Baptist Men's missions conference celebrates partnerships
March 13 2003 by Tony W. Cartledge , BR Editor

Baptist Men's missions conference celebrates partnerships | Friday, March 14, 2003

Friday, March 14, 2003

Baptist Men's missions conference celebrates partnerships

By Tony W. Cartledge BR Editor

WINSTON-SALEM - Worldwide mission opportunities were in constant focus during the annual N.C. Baptist Missions Conference and Baptist Men's Convention. More than 1,500 men and women attended the conference, held Feb. 28-March 1 at Calvary Baptist Church in Winston-Salem.

Even mealtimes were devoted to missions: a dinner on Feb. 28 emphasized work in Honduras, Alaska and New York. Lunch on March 1 was prepared and served by disaster relief volunteers, and a dinner program also focused on disaster relief ministries.

Participants saw a video about N.C. partnership efforts in Southeast Asia, and Asatur Nahapetyan, general secretary of the Baptist Union of Armenia, promoted a new N.C. Baptist Men's partnership agreement with Armenian Baptists.

Taylor Field, director of Graffiti Ministries in Manhattan, spoke of positive happenings in New York, where N.C. Baptists partner with the Metropolitan New York Baptist Association. "You can pretend to care," Field said, "but you can't pretend to be there."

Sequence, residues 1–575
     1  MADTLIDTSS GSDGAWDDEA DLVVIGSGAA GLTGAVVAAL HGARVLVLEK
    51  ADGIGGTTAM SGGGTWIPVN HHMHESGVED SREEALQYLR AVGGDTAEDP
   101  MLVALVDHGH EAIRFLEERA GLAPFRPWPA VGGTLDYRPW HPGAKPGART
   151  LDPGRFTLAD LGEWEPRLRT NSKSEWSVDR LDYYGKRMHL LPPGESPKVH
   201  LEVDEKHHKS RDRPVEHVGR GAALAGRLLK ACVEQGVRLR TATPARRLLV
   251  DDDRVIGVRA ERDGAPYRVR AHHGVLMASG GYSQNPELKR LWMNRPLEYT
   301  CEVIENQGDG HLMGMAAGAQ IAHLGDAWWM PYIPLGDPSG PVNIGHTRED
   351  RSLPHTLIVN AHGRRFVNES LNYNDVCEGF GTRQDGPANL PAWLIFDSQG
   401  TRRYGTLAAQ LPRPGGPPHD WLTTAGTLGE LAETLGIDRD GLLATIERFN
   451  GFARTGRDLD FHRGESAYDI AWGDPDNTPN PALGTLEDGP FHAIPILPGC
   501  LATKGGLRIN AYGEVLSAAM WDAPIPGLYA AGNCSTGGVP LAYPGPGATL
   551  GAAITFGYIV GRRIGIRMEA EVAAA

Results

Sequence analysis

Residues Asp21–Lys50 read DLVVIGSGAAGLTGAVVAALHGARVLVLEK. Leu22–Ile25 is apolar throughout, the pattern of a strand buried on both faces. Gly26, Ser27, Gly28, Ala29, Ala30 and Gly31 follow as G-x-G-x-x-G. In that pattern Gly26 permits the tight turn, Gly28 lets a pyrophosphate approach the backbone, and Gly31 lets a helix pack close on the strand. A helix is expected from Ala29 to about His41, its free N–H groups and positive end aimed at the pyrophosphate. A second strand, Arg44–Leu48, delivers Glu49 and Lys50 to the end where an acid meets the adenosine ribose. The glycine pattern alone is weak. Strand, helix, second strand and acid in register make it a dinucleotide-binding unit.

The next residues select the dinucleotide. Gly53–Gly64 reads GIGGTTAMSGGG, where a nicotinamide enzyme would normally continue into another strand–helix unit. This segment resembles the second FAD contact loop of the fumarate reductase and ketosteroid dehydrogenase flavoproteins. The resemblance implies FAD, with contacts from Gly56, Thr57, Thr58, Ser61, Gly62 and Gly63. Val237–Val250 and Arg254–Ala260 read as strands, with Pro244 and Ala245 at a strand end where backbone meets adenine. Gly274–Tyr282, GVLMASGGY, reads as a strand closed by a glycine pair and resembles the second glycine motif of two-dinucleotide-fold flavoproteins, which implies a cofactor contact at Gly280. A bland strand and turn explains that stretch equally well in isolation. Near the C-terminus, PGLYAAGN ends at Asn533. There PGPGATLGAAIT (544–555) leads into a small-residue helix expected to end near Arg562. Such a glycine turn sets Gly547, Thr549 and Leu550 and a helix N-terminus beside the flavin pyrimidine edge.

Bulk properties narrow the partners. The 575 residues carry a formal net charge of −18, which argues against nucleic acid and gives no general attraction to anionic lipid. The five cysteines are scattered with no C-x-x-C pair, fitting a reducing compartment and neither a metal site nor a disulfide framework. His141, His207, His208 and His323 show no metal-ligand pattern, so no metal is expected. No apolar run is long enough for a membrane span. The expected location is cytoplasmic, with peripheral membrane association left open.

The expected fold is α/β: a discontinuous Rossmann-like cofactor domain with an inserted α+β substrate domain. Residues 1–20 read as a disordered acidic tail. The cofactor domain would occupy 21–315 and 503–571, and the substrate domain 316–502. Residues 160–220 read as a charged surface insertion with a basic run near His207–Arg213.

More than 40 "How To" mission action conferences offered practical information for developing or participating in a wide variety of hands-on ministries.

Denton Lotz, president of the Baptist World Alliance, thanked N.C. Baptists for their world vision and urged reconciliation among Christians (see story, page 7).

Jim Burchette of Raleigh was elected Baptist Men's president. Burchette succeeds George Crouch of Charlotte, who served for the past three years. Three vice presidents were elected, including Mike Anders of Wilson (East), Don Taft of Charlotte (Piedmont) and Robert Stroup of Spruce Pine (West). John Freeman of Raleigh is recording secretary.

The organization also has 13 mission ministry coordinators, 10 regional coordinators, three program directors and six at-large board members.

Ken Davis, a motivational speaker and Christian comedian from Nashville, encouraged participants to "live with gusto." To do that, he said, believers should live with nothing to prove, live with nothing to hide, and live with nothing to lose. Davis recalled a 22-year-old friend who was dying with bone cancer. "We're both dying," the friend told him. "The only difference is that I have a pretty good idea when I'll die. We've got nothing to lose."

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3/13/2003 11:00:00 PM by Tony W. Cartledge , BR Editor | with 0 comments
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